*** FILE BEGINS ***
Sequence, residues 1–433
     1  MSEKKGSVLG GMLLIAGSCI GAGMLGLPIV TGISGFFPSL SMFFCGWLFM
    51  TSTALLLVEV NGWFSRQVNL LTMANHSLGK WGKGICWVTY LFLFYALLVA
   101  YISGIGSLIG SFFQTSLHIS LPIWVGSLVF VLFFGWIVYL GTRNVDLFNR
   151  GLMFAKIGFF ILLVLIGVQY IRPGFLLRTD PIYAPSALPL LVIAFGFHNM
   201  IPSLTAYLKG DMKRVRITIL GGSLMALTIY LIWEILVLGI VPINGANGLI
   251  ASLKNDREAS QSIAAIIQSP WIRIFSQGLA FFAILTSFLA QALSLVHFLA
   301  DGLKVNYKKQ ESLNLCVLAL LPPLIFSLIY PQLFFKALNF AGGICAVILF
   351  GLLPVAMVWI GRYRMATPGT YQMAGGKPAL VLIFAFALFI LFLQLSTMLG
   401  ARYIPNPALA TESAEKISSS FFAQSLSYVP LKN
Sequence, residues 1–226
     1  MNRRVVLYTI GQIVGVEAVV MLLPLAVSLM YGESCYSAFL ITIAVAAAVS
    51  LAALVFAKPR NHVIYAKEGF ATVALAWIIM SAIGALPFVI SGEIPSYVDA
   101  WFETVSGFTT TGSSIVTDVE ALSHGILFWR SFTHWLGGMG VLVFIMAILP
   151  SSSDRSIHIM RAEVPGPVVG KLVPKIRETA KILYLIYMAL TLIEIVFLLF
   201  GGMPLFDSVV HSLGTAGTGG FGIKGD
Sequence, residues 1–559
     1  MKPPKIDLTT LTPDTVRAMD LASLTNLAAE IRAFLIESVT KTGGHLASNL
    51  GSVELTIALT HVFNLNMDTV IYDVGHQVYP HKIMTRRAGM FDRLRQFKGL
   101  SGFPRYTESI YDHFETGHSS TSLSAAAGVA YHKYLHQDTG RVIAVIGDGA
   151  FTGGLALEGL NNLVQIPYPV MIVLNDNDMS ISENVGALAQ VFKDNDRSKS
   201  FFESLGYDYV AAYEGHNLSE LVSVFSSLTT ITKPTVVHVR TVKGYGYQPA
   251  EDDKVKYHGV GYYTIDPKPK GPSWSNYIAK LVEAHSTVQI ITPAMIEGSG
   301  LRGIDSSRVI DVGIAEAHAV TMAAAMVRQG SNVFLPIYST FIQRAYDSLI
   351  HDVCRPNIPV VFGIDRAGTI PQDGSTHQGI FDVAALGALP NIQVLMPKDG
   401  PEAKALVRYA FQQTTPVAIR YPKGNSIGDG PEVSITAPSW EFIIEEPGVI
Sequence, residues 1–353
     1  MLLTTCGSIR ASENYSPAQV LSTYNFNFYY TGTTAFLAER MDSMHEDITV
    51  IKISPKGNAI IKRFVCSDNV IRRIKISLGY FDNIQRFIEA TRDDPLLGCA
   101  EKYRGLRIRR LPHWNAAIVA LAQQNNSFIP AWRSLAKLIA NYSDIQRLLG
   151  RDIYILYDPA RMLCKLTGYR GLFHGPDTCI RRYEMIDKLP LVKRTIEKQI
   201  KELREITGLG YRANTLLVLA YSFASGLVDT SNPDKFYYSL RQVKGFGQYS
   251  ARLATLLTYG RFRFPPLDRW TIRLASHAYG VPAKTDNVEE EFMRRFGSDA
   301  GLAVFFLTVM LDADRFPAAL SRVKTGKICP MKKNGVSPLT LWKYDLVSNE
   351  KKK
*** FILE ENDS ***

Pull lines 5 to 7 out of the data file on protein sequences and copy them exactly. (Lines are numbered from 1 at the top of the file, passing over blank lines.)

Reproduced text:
   151  GLMFAKIGFF ILLVLIGVQY IRPGFLLRTD PIYAPSALPL LVIAFGFHNM
   201  IPSLTAYLKG DMKRVRITIL GGSLMALTIY LIWEILVLGI VPINGANGLI
   251  ASLKNDREAS QSIAAIIQSP WIRIFSQGLA FFAILTSFLA QALSLVHFLA